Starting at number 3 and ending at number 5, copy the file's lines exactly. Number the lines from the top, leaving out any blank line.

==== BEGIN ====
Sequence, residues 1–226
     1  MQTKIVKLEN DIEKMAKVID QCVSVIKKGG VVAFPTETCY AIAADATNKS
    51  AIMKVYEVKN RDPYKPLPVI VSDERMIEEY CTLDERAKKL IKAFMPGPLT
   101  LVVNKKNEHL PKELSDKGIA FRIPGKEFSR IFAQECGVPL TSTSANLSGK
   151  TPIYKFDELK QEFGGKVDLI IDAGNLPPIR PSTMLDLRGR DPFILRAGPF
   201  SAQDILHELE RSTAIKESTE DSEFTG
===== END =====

    51  AIMKVYEVKN RDPYKPLPVI VSDERMIEEY CTLDERAKKL IKAFMPGPLT
   101  LVVNKKNEHL PKELSDKGIA FRIPGKEFSR IFAQECGVPL TSTSANLSGK
   151  TPIYKFDELK QEFGGKVDLI IDAGNLPPIR PSTMLDLRGR DPFILRAGPF